Yesterday afternoon, my phone was ringing and my email pinging.
The reason? Mormon polygamy is back in the news, so journalists are eager to help their readers and viewers understand what it all means.
And that’s great. I welcome the discussion. But the odd thing is that polygamy has been in the news since October 22, when the LDS Church released two Gospel Topics statements clarifying several historical facts about the history of Mormon plural marriage.
I blogged about it the next day, identifying five things about Mormon polygamy that the Church had officially confirmed through the statement.
On Monday, the New York Times presented an in-depth feature story on the subject with the headline “It’s Official: Mormon Founder Had up to 40 Wives.”
Laurie Goodstein’s coverage was well-researched and well-written. It’s clear she has been working on it for some time (and I have heard through the grapevine that the Times wanted to hold the story until after the election so that it wouldn’t get lost in the shuffle of all the political news last week).
The Times polygamy story was also front-page and above-the-fold.
It’s interesting to learn that in this age of digital media, those three golden nuggets of old-school media (major news outlet, front page, above the fold) still matter. A lot.
So yesterday we had news coverage from around America and the world, as you can see from the screen shot above left — a partial listing of stories at some point yesterday afternoon.
Downplaying polygamy, and even removing discussion of its history from official curriculum, is not the same as claiming it never happened at all, which is what the subhead asserts. (It also suggests that Mormon leaders have been denying polygamy for 200 years, when the religion hasn’t even had its bicentennial.)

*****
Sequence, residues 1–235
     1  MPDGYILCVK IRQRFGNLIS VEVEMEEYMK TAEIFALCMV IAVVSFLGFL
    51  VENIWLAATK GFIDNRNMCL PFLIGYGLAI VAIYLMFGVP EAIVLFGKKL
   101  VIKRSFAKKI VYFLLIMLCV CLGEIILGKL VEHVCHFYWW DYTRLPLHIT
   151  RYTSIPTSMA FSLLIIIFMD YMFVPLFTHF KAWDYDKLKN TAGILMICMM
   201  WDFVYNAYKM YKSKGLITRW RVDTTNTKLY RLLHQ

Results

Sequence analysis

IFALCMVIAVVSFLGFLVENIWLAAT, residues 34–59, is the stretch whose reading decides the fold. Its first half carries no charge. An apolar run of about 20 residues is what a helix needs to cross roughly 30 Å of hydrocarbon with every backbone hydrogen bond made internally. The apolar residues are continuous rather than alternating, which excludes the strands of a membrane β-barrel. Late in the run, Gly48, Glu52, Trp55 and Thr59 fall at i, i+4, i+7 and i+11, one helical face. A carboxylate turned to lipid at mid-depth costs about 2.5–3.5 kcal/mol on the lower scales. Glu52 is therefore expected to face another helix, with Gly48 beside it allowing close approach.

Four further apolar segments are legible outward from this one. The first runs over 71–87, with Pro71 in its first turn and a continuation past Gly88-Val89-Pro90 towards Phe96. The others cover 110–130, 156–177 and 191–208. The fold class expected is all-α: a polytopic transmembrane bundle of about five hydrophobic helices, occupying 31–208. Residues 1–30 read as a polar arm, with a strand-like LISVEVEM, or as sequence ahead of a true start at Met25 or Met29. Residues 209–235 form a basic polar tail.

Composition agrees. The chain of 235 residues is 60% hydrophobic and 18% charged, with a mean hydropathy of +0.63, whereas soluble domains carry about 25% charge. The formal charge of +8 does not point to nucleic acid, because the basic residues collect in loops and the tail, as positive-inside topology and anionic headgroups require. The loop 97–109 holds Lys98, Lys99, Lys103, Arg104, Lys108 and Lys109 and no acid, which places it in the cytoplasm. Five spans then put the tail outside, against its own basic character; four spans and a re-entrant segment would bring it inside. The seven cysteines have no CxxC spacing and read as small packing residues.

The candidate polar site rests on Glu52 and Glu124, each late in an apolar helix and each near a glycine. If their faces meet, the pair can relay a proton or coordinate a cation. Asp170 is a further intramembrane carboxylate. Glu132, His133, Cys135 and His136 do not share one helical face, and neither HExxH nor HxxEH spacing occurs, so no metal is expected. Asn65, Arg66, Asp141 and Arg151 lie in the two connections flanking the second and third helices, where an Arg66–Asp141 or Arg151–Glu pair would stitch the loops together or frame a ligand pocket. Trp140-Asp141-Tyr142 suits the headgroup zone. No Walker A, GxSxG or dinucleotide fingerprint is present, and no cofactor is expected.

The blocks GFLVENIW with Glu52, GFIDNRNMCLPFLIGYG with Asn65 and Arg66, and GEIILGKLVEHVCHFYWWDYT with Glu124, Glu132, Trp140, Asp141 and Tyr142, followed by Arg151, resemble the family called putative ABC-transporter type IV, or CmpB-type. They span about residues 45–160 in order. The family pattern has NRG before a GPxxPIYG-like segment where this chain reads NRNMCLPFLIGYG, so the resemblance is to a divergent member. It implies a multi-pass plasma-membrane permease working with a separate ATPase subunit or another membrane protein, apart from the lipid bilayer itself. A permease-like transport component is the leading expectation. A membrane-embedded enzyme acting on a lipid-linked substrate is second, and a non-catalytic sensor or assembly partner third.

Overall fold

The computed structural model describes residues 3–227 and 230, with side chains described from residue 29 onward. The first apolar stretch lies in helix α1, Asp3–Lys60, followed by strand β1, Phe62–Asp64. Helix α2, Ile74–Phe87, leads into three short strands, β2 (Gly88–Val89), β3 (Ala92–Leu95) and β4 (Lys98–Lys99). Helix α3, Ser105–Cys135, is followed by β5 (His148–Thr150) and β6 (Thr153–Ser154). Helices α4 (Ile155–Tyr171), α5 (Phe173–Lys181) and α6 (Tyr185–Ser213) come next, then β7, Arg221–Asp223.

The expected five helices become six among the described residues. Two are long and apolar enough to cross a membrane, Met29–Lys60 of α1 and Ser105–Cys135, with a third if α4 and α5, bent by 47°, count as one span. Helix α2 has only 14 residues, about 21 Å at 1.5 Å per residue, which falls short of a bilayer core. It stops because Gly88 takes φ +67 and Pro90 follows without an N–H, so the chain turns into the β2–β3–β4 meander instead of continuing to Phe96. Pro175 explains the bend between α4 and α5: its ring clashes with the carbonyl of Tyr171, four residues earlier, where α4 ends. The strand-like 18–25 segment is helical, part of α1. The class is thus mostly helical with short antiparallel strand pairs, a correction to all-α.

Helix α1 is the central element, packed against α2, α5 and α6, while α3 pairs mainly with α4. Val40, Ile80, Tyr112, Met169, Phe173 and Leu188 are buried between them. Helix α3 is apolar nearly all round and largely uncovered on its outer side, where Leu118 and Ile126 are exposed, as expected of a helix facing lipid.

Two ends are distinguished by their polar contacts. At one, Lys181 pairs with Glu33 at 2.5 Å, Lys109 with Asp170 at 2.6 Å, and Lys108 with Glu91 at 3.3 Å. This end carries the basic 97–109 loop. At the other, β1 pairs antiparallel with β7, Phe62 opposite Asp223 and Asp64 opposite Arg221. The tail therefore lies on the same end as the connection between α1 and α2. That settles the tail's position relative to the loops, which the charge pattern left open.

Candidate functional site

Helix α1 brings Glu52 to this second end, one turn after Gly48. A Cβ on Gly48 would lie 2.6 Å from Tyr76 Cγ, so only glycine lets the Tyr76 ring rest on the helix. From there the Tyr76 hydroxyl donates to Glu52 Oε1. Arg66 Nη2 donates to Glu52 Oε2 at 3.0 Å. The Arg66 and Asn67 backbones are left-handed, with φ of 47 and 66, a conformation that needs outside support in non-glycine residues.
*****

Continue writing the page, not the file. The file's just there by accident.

Several journalists have asked me in the last 48 hours why the Church released its polygamy statements now. What was the catalyst?
It’s a good question. However, the bureaucratic reality of it, which I tried to explain to NPR, is that these Gospel Topics essays are all the products of lengthy incubation. The Church has had experts researching these issues . . . and then writing about them . . . and then having their products go up and up and up the food chain for approval.
So, other than the ongoing catalyst of the widespread availability of potentially damaging information (and misinformation) about Mormonism online, I don’t see any particular new event that the Church is responding to.
A more interesting question for me to gently lob back to the journalists is this: Why did almost all of you only jump on this bandwagon when the New York Times said there was a news story?